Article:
One potential free agent target for the Pacers, mentioned frequently in Fan Posts, is Nene Hilario. I responded negatively to several of those posts, saying I didn't think Nene would be ideal for the Pacers. Glenn A. sent me an email asking me to elaborate. Setting aside the question of whether Nene would actually be willing to sign with Indiana, my concerns focus on cost and fit.
Most of the Fan Posts suggesting Nene, have been built around the idea that he could transition to power forward and play alongside Roy Hibbert. The consensus among many here at Indy Conrows, seems to be that the Pacers need a Dale-Davis-style rebounder and shot-blocker to be a defensive presence on the interior. I certainly wouldn't be opposed to adding a player in that mold, but before we push that to the top of the list of off-season priorities, I'd like to point out two statistics. The first is 61.2%. That's the FG% the Pacers allowed their opponents on shots at the rim. It was the 4th best mark in the league this season. Only Boston, Milwaukee and Miami were better. The other statistic is 74.1%. That was the Pacers' Defensive Rebound Percentage this season and it ranked them 15th in the league. The Pacers don't have a single player who fits that Dale Davis template, but as a team they did a fairly good job of mitigating it. They could certainly improve in both departments, but I wouldn't characterize either as an area of weakness.
My plan for answering Glenn was to put together some statistics showing the Nene hasn't been effective as a power forward. I wasn't able to find any numbers to back up that assertion, mostly because he hasn't really played power forward. The past three seasons he has played center exclusively. The three seaons prior to that he played some power forward alongside Marcus Camby, but we have a tiny sample size since he only played 81 games over those three seasons.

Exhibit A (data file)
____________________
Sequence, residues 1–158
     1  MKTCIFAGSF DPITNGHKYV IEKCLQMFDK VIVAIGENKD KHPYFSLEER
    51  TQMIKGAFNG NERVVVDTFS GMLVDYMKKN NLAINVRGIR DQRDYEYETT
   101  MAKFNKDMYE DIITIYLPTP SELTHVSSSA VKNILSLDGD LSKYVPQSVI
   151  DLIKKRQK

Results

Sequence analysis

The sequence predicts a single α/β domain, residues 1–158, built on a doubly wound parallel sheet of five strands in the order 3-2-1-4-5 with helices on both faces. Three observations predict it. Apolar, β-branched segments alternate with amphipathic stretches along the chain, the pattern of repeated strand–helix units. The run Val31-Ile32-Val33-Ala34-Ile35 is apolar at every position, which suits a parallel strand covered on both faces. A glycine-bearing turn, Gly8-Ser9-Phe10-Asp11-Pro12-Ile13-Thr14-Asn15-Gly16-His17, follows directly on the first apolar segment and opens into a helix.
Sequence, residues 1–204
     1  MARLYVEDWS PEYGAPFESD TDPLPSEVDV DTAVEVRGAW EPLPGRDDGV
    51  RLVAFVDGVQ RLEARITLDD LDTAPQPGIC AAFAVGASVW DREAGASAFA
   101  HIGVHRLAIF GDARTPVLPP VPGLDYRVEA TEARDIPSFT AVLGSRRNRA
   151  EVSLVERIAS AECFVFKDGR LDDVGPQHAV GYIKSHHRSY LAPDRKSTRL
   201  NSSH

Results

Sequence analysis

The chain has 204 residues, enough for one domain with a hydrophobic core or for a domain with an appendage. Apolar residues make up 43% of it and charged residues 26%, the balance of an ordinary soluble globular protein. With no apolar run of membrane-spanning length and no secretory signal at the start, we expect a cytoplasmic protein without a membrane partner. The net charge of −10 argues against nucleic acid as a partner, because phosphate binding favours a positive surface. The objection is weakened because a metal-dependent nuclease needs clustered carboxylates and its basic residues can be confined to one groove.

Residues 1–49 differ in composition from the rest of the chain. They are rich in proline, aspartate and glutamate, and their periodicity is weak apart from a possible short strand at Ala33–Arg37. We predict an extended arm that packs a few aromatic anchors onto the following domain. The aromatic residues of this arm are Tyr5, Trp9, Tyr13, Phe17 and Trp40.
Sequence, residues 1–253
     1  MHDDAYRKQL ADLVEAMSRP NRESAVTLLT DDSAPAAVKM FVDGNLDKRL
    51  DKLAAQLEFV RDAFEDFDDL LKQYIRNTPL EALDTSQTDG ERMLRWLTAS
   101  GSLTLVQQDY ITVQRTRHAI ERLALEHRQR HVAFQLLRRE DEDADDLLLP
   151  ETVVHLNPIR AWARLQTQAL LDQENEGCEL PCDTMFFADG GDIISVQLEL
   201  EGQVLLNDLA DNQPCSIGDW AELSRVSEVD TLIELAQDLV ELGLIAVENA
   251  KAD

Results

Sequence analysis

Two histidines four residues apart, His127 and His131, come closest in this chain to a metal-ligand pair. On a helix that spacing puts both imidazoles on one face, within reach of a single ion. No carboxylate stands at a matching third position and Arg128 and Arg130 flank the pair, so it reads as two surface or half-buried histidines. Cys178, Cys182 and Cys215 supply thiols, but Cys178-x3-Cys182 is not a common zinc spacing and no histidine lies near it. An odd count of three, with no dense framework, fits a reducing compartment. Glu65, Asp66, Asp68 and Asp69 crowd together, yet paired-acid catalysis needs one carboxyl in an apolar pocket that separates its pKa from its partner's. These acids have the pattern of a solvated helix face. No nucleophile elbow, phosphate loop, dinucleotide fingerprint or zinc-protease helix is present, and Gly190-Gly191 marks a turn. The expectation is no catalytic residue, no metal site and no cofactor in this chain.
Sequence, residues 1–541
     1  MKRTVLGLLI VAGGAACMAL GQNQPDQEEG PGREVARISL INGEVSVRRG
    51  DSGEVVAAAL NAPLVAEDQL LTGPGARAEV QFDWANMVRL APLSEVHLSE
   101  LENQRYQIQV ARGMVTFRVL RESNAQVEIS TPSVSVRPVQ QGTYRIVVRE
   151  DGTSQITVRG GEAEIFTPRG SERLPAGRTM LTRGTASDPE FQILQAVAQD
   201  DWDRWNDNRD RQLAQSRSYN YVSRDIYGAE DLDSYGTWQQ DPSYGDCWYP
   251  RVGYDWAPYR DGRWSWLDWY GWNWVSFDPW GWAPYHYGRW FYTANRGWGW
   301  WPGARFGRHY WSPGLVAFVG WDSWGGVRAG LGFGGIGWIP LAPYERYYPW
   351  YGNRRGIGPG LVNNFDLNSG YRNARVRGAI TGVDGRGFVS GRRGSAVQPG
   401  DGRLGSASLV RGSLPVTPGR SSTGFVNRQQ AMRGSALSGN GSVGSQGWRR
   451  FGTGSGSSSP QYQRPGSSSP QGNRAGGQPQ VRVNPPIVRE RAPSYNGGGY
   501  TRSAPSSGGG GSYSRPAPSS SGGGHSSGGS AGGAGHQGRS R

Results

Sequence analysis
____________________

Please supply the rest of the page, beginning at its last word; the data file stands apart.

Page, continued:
Throughout NBA history there are plenty of examples of successful teams employing "twin towers" in the front court. The most successful recent examples I can think of are the David Robinson/Tim Duncan Spurs, and the Ralph Sampson/Hakeem Olajuwon Rockets. In each case both players were exceptional athletes. I don't think that would be the case with a Nene/Hibbert combination. Nene is very athletic for center. However, those advantages wouldn't be nearly as distinct when matched up with opposing power forwards. Having him regularly play on the perimeter, and have to defend pick-and-rolls and stretch fours, seems like it would be asking for trouble.
Now, I'm not completely opposed to Nene. I just don't think playing him at power forward for any extended stretch of time is realistic. While I have concerns about his value versus the cost; if he can be had for a reasonable price he would be fine with me as a center. This of course opens another can of worms. Pacers' fans will need to ask themselves this summer whether Roy Hibbert really is viable as a starting center. He was brutally bad for long stretches this season, including in the playoffs. I've pointed this out more than once, but the Pacers actually outscored the Bullsby a significant magin when Hibbert was on the bench.
Brett Hainline at Queen City Hoopshas created a Player Swap tool. You simply swap out one player for another, and a statistical projection is made for the effect on the team's win total. This tool projects that switching out Roy Hibbert for Nene this seasonwould have resulted in 16.6 more wins for the Pacers. You read that right, replacing Hibbert with Nene might have made them a 53 win team. I think this addresses the root problem. Much of the free agent discussion here at Indy Cornrows has focused on getting help at the power forward position. That may not be the proper frontcourt slot to be focusing attention on. As hard as this is to say, instead of finding impact centers who might be able to play alongside Hibbert, the Pacers might be better off finding an impact center who can take Hibbert's starting slot.